Research Paper Volume 11, Issue 24 pp 12080—12096
Age-related changes in microbial composition and function in cynomolgus macaques
- 1 NHC Key Laboratory of Diagnosis and Treatment on Brain Functional Diseases, Chongqing Medical University, Chongqing, China
- 2 The M.O.E. Key Laboratory of Laboratory Medical Diagnostics, The College of Laboratory Medicine, Chongqing Medical University, Chongqing, China
- 3 Department of Neurology, The First Affiliated Hospital of Chongqing Medical University, Chongqing, China
- 4 Department of Neurology, Army Medical Center of PLA, Chongqing, China
received: April 19, 2019 ; accepted: November 19, 2019 ; published: December 14, 2019 ;https://doi.org/10.18632/aging.102541
How to Cite
Copyright © 2019 Duan et al. This is an open-access article distributed under the terms of the Creative Commons Attribution License (CC BY 3.0), which permits unrestricted use, distribution, and reproduction in any medium, provided the original author and source are credited.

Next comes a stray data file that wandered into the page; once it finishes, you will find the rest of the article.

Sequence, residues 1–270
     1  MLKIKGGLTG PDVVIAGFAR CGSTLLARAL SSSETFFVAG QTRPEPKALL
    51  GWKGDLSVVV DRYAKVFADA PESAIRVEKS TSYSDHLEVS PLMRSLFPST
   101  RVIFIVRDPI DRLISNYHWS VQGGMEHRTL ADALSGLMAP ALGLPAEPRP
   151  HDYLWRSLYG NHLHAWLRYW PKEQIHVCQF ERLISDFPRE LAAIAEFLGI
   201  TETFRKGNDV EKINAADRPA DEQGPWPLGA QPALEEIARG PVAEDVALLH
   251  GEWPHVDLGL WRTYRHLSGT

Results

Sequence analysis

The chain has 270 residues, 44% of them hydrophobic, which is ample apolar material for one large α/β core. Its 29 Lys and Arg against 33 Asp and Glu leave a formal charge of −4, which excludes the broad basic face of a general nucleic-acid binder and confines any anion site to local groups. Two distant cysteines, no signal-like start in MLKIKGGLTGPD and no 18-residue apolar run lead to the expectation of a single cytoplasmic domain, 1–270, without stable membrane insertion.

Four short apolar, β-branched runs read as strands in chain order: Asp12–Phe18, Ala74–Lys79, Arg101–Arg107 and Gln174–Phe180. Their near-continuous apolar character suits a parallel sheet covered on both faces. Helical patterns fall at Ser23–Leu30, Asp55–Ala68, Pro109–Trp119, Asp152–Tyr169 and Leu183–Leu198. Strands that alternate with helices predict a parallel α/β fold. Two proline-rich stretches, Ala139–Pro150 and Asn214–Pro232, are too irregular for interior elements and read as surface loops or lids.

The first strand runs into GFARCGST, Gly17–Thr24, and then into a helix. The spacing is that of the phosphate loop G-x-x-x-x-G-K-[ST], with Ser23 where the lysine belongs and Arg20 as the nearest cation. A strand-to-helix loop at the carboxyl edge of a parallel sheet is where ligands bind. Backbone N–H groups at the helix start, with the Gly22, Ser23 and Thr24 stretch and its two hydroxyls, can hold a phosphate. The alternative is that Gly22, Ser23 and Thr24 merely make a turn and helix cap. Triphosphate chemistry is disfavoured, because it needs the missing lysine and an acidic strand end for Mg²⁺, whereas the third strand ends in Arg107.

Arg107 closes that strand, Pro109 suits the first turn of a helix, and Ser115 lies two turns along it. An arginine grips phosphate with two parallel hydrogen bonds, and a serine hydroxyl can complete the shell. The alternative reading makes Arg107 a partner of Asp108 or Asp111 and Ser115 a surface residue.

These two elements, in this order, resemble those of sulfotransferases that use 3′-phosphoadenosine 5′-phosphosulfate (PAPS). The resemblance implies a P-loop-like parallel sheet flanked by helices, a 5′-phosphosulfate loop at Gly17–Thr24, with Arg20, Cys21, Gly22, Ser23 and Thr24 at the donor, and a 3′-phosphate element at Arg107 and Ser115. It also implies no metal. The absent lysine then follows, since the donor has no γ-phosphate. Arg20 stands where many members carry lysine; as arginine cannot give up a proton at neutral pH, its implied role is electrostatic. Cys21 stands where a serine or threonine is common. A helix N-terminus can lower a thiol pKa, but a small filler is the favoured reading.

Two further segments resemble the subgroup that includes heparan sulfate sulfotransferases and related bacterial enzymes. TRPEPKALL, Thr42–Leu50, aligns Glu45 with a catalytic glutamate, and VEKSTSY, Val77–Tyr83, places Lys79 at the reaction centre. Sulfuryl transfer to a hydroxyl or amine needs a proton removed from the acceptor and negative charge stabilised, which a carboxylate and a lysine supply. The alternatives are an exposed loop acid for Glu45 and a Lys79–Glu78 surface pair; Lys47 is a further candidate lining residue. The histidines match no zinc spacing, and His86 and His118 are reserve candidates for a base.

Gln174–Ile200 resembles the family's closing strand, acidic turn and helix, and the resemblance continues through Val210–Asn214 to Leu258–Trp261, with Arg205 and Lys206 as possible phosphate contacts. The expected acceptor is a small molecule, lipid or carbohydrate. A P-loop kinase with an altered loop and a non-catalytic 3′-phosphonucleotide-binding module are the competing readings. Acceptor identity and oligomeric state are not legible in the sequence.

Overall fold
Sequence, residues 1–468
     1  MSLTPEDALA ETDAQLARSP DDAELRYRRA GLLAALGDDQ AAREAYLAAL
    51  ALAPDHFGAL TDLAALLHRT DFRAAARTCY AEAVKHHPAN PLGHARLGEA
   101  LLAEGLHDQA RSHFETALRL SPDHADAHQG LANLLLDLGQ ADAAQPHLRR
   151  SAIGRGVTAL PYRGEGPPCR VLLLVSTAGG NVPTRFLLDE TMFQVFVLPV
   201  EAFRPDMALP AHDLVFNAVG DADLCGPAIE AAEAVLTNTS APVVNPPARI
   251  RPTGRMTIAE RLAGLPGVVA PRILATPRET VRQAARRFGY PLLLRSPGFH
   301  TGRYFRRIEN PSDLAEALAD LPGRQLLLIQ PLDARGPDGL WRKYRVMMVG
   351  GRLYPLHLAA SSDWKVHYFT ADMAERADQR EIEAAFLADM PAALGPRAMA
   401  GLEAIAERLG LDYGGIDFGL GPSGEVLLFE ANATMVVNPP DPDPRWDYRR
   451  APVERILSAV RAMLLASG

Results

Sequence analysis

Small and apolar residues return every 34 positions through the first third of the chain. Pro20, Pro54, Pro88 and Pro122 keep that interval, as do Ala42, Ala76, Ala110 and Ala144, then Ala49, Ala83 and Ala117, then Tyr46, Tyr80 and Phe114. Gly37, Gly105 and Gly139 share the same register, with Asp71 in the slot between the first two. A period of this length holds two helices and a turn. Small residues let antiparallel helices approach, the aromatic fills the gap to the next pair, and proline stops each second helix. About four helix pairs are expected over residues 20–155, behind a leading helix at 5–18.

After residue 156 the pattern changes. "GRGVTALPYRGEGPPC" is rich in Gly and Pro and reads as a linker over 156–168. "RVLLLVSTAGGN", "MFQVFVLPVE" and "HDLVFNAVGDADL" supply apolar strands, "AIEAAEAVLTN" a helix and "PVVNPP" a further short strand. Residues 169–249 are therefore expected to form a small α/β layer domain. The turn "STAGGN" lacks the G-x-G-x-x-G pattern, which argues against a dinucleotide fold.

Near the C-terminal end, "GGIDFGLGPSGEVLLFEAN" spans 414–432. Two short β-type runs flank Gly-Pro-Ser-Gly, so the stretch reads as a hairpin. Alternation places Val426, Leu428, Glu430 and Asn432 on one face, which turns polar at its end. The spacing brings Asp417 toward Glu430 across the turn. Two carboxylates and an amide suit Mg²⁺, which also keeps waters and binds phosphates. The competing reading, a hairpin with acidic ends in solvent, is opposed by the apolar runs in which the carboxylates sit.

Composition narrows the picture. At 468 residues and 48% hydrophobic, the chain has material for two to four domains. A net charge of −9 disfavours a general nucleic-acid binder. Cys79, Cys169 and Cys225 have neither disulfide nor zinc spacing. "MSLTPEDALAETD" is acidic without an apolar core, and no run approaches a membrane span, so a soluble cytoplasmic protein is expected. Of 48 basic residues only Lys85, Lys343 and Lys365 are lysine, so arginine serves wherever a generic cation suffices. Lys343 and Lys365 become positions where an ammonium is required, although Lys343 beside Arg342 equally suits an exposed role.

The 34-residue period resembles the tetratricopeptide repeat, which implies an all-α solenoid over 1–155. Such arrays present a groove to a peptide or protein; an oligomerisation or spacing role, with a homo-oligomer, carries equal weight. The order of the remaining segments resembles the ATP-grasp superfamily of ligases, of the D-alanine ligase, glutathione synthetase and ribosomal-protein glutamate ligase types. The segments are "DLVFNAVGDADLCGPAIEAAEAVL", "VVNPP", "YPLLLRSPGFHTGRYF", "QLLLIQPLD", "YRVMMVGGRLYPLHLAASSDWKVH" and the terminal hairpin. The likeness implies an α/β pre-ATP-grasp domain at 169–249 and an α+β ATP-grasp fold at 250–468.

Age can significantly affect human physiology and disease risk. Recent studies have shown that age may affect the composition and function of the gut microbiota, but the underlying mechanisms remain largely unknown. Non-human primates are an ideal model for uncovering how age shapes the gut microbiota, as their microbial composition is highly similar to that of humans and is not easily affected by confounding factors. Here, using the 16S rRNA and metagenomic sequencing methods, we characterized the microbial phenotypes of 16 female cynomolgus macaques from three age groups (young, adult and old). Our findings revealed significant differences in microbial composition among the three groups. With increased age, the relative abundances of Veillonellaceae, Coriobacteriaceae and Succinivibrionaceae were significantly increased, Ruminococcaceae and Rikenellaceae were significantly decreased at the family level. Functional enrichment showed that genes that differed among the three groups were mainly involved in arginine biosynthesis, purine metabolism and microbial polysaccharides metabolism. Moreover, CAZymes corresponding to polysaccharide degrading activities were also observed among the three groups. In conclusion, we characterized the composition and function of the gut microbiota at different ages, and our findings provide a new entry point for understanding the effects of age on the human body.